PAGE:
This study provides evidence that nearly all M. tuberculosis isolates with ≤6 IS6110 elements collected in Cape Town, South Africa, are members of a lineage of the principal genetic group 2. Evidence for this is based on the inheritance of defined polymorphisms, which include (i) principal genetic group 2 classification according to mutations in the katG and gyrA genes (31) and concordant deletion of DVRs 33 to 36, known to be specific to principal genetic group 2 and 3 strains (29); (ii) the identification of a conserved IS6110 insertion in Rv0403c (13) and the deletion of DVR 18 from the DR region in principal genetic group 2 strains with ≥2 and ≤6 IS6110 insertions; and (iii) the presence of six fully conserved VNTR loci. Only one isolate from this setting was identified as being a member of a distinct low-IS6110-copy-number lineage of the principal genetic group 1, which corresponds to cluster I (15) or group I (7) and has been primarily associated with patients from East Africa and Asia (6, 30).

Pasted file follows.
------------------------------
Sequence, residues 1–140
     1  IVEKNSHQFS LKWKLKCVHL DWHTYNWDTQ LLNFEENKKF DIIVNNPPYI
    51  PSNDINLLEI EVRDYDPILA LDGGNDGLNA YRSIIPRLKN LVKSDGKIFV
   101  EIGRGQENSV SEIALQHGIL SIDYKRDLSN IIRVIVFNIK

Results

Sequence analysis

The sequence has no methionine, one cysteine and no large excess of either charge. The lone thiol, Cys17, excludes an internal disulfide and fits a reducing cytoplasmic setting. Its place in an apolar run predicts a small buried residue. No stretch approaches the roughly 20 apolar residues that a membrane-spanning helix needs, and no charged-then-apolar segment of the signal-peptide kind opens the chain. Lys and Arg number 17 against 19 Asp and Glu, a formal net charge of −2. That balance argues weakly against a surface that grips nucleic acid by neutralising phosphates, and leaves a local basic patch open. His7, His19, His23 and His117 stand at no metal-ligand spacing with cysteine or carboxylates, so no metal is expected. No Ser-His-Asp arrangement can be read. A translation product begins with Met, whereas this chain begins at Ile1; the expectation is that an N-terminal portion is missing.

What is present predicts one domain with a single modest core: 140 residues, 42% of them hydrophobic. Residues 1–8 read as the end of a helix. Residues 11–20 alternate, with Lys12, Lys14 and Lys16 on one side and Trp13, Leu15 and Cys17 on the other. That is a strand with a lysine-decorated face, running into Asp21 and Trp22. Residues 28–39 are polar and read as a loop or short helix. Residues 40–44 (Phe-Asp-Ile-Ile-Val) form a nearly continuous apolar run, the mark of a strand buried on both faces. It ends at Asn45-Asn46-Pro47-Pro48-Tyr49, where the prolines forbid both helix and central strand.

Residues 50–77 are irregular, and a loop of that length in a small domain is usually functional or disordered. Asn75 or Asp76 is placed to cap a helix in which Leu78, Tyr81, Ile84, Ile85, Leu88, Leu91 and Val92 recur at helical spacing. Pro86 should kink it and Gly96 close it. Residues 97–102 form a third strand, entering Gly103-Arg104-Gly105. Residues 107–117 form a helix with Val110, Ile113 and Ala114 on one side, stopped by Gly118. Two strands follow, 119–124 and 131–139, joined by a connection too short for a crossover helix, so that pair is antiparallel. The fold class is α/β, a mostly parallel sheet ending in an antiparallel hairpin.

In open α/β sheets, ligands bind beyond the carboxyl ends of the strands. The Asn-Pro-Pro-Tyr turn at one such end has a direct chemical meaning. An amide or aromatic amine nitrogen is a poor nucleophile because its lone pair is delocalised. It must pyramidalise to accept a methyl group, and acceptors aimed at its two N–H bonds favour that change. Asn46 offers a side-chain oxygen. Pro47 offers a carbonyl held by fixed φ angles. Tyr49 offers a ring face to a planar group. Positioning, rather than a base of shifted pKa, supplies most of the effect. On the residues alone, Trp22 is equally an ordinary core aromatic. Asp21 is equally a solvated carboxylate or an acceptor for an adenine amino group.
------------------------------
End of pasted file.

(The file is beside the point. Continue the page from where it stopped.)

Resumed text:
The principal genetic group 2 lineage studied here encompasses the groups referred to as groups II and III (7) or clade X (27) and clusters IV and V defined by sSNP analysis (15). Our phylogenetic analysis, based on fully independent markers in isolates from different geographical areas, supports the notion that strains in this principal genetic group 2 lineage evolved from a common progenitor containing a single IS6110 element by sequential acquisition of up to five additional IS6110 copies, as well as by expansion and contraction of VNTR sequences and the deletion of specific DVRs. Sequential acquisition of additional IS6110 copies is consistent with the direct evolutionary relationship between the sSNP clusters IV and V, which include strains with one to three and four to six IS6110 copies, respectively (15). Such congruence between phylogenies inferred from independent sets of markers (within our study or between our study and that of Gutacker et al. [15]) provides strong evidence for the robustness of the inferred phylogeny. Moreover, the deletion of DVRs suggested by our phylogenetic analysis (Fig. (Fig.22 and and3)3) is consistent with previous findings supporting the notion that evolution of the DR region is driven by loss of DVR sequences rather than by their duplication (9, 36, 44).